You are on Mykonos. Joy! Freedom!

The soonest possible in the morning, go to one of the many sandy beaches, shut your eyes and open them in the quiet deep blue of the sea… Forget all your worries, you are reborn in a magic world! This is a blessed place full of wonders. Give yourself up to the riches of the island. Retain this memory. You are at the center of the Aegean.

With an area of 86.1 km2, Mykonos together with Delos, Rheneia and a few surrounding rocky islets, constitute a single island complex. According to Greek mythology, there was once a violent clash between the Olympian Gods and the Giants. Myth has it that Hercules, inevitable ally to the gods, came face to face with the Giants in Mykonos, where he buried them under huge rocks. Mykonos’s rocky terrain, scattered with immense granite masses, truly seems to have been created during a battle among giants. According to another tradition, the ‘eponymous hero’ of the island is Mykonos, the son of Anias who was King of Delos at the time of the Trojan War and was himself the son of Apollo and the nymph Roió. Karians and Phoenicians are said to have been the first inhabitants of Mykonos. Ionians from Athens settled on the island around 1000 BC and prevailed, driving away the earlier inhabitants. Following the Persian Wars, Mykonos acceded to the Athenian Alliance (478 BC). Large tracts of Mykonos belonged to the Sanctuary of Delos and were rented out as farmland. However, burial findings, building relics and inscriptions show that the island flourished during Hellenistic times.

The destruction, in 69 BC, of the Sanctuary of Delos appears to have adversely affected Mykonos. During the early Post-Christian period, many of the Cyclades had been severely depopulated. Following the reign of Constantine the Great, the Cyclades became part of the Eastern Roman State and came under the administration of Asia, while in Constantine Porphyrogennitus’s De Thematibus they are referred to as belonging to the Aegean Theme. Mykonos continued to be a Byzantine possession until the late 12th century, immediately followed by the period of the Frankish Aegean. In the Late Byzantine period, given their critical geostrategic position, the Aegean islands were in the crosshairs of the powers with interests in the Aegean: the Byzantine Empire, Genoa, the Catalans, Venice and, later, the Ottoman Empire. Thus, when the Fourth Crusade (1204) ended at the expense of Byzantium, the Aegean islands, most of which had become pirate bases, were divided up between the Latin Emperor of Constantinople, the Crusaders and Venice.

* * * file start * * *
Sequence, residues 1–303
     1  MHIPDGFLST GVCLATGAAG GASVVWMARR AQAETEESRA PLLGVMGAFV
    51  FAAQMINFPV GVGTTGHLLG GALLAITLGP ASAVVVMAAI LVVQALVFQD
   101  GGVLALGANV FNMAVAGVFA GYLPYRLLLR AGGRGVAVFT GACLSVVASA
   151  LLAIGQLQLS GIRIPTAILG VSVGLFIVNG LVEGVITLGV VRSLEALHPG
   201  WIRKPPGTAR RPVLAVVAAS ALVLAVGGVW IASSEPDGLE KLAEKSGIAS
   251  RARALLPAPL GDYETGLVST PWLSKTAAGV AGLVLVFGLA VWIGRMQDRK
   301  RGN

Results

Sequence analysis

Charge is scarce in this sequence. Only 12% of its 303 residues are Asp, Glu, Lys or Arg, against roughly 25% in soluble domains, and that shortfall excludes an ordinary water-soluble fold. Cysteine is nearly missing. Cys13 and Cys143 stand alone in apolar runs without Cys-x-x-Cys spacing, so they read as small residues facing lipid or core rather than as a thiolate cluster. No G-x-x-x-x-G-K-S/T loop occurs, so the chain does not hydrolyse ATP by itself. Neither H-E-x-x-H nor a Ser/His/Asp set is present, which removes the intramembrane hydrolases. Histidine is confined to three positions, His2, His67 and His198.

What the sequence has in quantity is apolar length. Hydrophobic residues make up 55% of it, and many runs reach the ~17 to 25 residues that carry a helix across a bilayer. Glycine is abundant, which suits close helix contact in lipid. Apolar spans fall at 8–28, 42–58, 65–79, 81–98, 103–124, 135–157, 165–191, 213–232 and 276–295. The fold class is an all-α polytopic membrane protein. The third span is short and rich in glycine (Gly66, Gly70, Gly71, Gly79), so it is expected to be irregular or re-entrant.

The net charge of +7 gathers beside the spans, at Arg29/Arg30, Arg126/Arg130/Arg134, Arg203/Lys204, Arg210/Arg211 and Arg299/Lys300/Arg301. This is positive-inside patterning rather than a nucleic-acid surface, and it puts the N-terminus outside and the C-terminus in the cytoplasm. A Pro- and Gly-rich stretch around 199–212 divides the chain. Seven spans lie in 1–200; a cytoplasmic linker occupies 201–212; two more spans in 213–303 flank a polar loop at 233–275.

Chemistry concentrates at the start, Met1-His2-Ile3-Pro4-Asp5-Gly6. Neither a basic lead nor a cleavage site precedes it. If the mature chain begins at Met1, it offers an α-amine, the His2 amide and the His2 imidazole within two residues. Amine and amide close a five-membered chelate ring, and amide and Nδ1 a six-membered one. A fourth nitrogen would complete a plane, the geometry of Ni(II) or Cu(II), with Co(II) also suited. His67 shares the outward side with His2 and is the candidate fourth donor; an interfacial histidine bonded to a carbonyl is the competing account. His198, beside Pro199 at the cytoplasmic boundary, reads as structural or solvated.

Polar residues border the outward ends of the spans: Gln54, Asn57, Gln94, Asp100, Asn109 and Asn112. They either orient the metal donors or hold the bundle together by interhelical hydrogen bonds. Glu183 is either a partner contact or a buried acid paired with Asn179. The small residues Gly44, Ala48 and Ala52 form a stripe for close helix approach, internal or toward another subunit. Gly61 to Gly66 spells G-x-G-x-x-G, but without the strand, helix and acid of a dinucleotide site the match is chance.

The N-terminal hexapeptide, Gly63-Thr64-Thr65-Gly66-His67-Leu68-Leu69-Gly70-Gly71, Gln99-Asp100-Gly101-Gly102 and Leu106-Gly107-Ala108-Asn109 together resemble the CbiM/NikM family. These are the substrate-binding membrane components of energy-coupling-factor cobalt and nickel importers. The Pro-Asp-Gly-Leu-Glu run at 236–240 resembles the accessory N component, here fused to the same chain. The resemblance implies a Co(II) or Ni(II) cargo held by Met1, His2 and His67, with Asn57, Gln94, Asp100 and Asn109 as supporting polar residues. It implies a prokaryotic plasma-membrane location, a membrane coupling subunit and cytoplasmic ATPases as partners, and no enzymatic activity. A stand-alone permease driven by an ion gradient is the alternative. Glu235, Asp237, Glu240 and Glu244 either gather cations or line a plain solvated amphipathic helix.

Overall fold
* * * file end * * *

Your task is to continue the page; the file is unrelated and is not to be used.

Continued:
When Suleiman the Magnificent became sultan of the Ottoman Empire, most of the Aegean islands, including Mykonos, were occupied by the pirate and head of the Ottoman fleet Hayreddin Barbarossa, ushering in a period of subjugation of the islands to the Sultan (1537-1566). Under Ottoman domination, Mykonos developed a strong communal administration, which took on various duties, including the coordination of collecting and redistributing of the island’s taxes.

During the 17th century, the island’s economy relied mainly on agriculture and stockbreeding. But the infertility of the soil and the poor agricultural yield, combined with the Mykonians’ experience at sea, led them to seafaring and commerce. At the same time, the increasing number of windmills contributed to the processing and sale of - mostly imported - grains. It is at this time that, due to its location, Mykonos begins to act as a supply station for passing ships.

After the Russo-Turkish War (1768-74) won by Russia, favorable conditions for Greek merchant shipping were established in the Aegean. Thus, Mykonians were later able to help in the War of Independence against the Turks (1821), during which Mando Mavrogenous, a local noble woman, became a national heroine.

With the birth of the new Greek state, Mykonos witnessed the renaissance of a dynamic merchant class which, through its ties to Greeks abroad, developed a flourishing trade with Russia, Romania, Italy and France, as well as Alexandria, Smyrna and Constantinople. In 1855, Mykonos boasted a large number of sailing ships (2% of Greece’s fleet).

The systematic excavation on Delos began in 1873. As early as 1926, cruise ships brought wealthy travelers to the sacred island. Mykonos soon became a cosmopolitan summer retreat, attracting countless visitors from across the world. Nowadays, thanks to the enterprise and business acumen of its inhabitants, Mykonos holds one of the most enviable positions in today’s international tourist market.